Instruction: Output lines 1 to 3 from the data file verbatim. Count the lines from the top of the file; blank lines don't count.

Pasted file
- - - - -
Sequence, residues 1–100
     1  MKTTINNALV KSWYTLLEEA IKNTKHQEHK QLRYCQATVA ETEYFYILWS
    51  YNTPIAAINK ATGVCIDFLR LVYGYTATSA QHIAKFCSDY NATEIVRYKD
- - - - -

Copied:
Sequence, residues 1–100
     1  MKTTINNALV KSWYTLLEEA IKNTKHQEHK QLRYCQATVA ETEYFYILWS
    51  YNTPIAAINK ATGVCIDFLR LVYGYTATSA QHIAKFCSDY NATEIVRYKD